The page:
Why Atlanta’s nearly tops in U.S. in having energy efficient buildings
The best new feature of Atlanta’s iconic skyline is something no one can see.
It’s our disappearing carbon footprint.
Just in time for Earth Week, the U.S. Environmental Protection Agency is out with its “Top Cities” list of metropolitan areas with the most Energy Star certified commercial buildings. With an eyepopping total of 311 “star” buildings ranging from soaring skyscrapers to neighborhood schoolhouses, Atlanta ranked No. 4 and was the only Southern city to crack the top 25 (unless you count Texas, as Dallas-Fort Worth and Houston came in at No. 7 and 8 respectively).
That’s good news for Mayor Kasim Reed and a number of leading civic and business organizations that have invested a lot of energy of late in reducing energy and water consumption.
But it’s an even better development for everyone living or doing business in the city, Reed suggested.
“Atlanta is honored … to be recognized as a leader for showing the way forward for a more sustainable future,” the mayor said in a statement. “We are fully committed to working with local business leaders to reduce our carbon footprint to spend less on energy and to push toward a stronger local economy and healthier community for all of us.”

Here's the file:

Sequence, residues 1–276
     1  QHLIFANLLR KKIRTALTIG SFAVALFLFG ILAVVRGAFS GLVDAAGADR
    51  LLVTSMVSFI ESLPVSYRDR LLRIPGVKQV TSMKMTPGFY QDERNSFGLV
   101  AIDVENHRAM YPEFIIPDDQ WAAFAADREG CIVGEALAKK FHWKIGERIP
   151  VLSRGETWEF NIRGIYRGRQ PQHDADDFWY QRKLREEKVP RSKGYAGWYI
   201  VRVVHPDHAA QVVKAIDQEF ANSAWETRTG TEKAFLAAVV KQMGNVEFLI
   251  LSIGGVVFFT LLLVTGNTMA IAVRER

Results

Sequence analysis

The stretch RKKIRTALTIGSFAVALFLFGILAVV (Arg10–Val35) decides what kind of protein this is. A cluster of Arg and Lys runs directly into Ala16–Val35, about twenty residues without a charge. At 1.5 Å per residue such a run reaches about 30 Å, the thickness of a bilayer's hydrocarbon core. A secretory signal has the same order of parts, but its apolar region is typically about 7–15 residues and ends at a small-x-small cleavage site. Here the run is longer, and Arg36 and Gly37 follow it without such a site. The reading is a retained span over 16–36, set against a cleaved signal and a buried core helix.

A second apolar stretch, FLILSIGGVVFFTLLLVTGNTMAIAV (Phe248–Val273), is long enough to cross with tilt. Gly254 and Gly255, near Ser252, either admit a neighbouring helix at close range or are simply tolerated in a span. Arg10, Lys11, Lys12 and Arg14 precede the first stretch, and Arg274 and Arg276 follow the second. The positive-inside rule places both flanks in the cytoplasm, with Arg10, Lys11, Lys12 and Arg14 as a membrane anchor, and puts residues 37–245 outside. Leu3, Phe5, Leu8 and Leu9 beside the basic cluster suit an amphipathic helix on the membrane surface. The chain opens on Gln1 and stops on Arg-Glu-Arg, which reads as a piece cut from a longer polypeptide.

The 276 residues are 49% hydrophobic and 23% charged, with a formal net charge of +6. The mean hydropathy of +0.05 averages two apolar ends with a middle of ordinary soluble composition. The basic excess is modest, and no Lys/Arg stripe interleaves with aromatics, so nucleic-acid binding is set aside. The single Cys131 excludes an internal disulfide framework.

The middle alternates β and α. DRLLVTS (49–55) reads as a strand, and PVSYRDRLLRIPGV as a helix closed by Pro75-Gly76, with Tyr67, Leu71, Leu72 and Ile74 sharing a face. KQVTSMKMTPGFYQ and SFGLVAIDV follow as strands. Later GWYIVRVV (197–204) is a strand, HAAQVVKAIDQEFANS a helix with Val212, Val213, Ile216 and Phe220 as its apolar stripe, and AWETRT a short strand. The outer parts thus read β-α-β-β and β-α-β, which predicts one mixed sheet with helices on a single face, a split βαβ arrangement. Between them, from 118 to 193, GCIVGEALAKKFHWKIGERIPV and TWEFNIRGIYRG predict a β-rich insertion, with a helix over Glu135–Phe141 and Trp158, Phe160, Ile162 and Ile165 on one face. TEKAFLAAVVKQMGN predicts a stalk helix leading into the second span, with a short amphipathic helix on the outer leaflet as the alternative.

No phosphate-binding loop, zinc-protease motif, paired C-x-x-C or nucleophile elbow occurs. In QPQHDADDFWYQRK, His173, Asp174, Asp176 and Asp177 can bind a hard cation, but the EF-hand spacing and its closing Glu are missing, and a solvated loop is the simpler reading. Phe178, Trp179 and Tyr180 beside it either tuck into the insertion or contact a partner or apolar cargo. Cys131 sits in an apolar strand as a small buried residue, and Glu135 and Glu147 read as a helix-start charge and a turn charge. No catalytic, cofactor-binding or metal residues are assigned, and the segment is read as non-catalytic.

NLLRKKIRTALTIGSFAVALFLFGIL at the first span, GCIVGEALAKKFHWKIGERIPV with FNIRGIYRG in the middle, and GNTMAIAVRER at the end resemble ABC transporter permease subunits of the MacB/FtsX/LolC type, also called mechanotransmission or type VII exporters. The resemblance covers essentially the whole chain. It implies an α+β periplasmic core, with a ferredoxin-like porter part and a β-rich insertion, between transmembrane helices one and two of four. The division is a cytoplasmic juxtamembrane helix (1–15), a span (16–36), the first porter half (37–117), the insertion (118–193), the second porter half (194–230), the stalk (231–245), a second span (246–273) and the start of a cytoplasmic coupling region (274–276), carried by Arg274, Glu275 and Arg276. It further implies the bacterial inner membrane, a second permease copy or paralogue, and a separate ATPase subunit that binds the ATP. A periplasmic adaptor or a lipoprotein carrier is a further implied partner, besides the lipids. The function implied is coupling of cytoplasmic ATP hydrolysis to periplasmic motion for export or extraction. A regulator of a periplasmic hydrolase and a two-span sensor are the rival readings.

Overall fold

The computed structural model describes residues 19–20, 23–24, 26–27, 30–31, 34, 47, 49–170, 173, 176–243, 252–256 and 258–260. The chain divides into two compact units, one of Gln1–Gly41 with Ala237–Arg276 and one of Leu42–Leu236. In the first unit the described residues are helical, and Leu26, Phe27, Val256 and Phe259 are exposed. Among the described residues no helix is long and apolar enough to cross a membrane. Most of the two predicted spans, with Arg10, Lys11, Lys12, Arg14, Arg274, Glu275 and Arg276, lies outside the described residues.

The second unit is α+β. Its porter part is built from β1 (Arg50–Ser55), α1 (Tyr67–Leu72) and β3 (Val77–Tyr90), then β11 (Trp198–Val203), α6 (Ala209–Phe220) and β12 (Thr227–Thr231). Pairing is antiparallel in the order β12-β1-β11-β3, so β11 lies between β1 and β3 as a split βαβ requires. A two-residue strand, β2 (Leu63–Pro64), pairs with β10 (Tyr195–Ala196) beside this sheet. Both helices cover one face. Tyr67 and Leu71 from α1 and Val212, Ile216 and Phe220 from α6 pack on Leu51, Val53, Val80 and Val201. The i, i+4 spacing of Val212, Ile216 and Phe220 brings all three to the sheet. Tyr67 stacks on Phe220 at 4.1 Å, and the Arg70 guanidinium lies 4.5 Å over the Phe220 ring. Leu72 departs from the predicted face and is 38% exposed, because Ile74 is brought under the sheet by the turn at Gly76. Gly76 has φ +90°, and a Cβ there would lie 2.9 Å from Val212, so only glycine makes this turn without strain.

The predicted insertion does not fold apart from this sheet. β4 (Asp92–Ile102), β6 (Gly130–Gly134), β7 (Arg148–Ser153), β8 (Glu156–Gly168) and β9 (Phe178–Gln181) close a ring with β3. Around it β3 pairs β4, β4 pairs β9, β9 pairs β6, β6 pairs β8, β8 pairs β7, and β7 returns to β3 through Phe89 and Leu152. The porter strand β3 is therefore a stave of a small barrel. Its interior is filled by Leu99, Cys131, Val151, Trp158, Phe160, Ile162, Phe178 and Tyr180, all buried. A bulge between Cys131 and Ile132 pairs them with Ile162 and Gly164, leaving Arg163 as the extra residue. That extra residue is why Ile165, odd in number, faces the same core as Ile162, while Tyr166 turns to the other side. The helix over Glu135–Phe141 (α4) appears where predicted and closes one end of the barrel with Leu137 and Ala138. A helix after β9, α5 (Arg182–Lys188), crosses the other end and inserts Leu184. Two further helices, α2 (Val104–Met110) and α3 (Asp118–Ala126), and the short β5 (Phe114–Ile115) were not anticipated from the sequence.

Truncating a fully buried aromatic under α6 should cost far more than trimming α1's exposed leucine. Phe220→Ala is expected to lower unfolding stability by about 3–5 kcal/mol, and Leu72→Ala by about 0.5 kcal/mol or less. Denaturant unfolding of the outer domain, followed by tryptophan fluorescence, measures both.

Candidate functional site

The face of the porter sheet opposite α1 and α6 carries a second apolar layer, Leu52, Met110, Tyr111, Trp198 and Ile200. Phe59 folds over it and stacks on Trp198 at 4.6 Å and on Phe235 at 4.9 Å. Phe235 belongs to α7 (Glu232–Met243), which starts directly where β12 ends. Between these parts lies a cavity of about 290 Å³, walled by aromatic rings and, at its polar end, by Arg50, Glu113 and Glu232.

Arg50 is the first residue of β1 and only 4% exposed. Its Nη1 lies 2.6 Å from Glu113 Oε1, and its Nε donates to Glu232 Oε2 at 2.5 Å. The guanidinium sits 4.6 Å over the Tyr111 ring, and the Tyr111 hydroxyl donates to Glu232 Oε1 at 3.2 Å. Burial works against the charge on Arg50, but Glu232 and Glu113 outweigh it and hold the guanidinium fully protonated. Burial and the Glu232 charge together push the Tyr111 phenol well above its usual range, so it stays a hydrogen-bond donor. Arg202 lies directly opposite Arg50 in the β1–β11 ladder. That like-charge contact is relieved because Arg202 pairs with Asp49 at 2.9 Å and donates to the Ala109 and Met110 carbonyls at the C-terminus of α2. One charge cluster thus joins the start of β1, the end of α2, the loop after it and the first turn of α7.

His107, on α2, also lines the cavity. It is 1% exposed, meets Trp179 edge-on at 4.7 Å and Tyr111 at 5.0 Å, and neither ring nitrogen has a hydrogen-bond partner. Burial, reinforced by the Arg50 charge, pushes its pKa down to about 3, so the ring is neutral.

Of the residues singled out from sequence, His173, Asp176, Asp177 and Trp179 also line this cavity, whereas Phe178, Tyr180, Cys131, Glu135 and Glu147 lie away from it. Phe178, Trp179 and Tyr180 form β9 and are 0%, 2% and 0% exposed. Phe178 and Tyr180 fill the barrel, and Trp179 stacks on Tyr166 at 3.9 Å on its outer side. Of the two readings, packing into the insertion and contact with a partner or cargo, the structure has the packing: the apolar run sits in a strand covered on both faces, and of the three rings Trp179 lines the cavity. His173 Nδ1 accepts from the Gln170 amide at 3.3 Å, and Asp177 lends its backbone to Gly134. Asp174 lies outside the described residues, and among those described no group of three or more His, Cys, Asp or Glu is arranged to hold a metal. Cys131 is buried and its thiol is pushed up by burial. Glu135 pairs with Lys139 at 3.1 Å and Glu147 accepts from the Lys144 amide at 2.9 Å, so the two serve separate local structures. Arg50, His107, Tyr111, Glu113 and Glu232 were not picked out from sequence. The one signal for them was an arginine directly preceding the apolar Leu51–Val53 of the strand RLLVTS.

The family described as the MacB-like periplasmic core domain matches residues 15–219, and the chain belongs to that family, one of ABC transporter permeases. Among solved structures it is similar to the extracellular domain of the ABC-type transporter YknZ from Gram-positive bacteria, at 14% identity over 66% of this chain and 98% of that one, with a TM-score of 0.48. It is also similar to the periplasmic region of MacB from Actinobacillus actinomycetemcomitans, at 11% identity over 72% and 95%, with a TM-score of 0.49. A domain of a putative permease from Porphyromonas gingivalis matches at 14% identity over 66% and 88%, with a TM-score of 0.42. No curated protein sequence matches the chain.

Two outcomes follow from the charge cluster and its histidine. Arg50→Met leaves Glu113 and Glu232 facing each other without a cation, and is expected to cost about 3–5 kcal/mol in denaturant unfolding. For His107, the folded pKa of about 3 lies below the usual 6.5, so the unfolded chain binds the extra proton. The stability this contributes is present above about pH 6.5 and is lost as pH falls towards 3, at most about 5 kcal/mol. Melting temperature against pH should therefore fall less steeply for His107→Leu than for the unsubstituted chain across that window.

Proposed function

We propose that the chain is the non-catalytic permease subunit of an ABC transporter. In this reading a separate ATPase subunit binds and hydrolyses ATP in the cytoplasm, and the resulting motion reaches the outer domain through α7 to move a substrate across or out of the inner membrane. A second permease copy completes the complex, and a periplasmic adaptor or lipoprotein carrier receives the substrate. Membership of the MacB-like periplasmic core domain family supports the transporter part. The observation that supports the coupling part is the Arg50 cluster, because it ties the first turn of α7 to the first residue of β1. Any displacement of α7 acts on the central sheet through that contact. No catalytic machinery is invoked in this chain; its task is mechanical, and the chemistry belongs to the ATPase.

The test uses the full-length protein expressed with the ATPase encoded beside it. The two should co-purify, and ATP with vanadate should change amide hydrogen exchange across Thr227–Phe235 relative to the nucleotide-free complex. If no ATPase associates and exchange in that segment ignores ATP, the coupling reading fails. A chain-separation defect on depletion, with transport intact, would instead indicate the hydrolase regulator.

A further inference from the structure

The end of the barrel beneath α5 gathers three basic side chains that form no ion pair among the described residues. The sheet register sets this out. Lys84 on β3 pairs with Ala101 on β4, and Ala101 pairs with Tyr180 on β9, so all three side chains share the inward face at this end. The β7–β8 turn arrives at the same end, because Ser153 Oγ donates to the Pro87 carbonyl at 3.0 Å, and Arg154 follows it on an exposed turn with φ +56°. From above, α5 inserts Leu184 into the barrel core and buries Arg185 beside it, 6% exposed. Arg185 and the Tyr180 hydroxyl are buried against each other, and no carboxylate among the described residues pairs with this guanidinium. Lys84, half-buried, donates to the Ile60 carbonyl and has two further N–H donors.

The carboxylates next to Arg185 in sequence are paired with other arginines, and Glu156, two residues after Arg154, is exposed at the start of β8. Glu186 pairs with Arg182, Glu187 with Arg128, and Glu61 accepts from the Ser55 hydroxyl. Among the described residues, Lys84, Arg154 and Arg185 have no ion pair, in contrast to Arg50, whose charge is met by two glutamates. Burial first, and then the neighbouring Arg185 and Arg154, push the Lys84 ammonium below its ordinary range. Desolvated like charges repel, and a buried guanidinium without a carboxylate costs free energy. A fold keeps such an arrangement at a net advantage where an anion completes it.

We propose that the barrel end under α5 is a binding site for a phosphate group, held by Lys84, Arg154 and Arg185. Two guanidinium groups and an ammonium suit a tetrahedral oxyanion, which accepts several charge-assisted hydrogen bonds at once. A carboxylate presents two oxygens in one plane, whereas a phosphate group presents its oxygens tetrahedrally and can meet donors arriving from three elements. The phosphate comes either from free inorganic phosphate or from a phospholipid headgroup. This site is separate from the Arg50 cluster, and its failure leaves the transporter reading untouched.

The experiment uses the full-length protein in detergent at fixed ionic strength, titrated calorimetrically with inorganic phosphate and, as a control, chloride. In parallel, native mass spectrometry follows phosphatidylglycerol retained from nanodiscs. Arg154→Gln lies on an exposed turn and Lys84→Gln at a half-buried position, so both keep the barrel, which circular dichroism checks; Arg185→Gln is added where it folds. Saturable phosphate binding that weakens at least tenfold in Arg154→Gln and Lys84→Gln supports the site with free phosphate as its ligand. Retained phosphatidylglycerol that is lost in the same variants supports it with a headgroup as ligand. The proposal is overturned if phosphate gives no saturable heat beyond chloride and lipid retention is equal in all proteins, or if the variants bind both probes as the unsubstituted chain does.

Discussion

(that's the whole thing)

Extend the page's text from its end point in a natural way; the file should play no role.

Indeed, coming in fourth isn’t just about having bragging rights over every other city except Washington D.C., Los Angeles and San Francisco (No.’s 1, 2 and 3 respectively). Energy Star certified buildings, which are independently verified as performing better than at least 75 percent of similar buildings nationwide, achieve significant reductions in both their energy bills and their greenhouse gas emissions.
“In terms of public health, the main benefit is averting respiratory diseases like asthma and allergies,” said Megan O’Neil, an adviser in the Mayor’s Office of Sustainability.
When it comes to those lower bills, there’s the obvious, dollars-and-sense benefit:
“Money saved on energy bills can boost the bottom line and be reinvested” in the business or elsewhere, said EPA Administrator Gina McCarthy.
There’s also the harder to quantify, yet no less important benefit that comes from gaining a reputation as an energy efficient city.
“These are things that can inform people’s decisions about where they want to live or move or start a business,” said Dr. Jairo Garcia, director of climate initiatives for the sustainability office. “There are generations now that are very, very environmentally concerned.”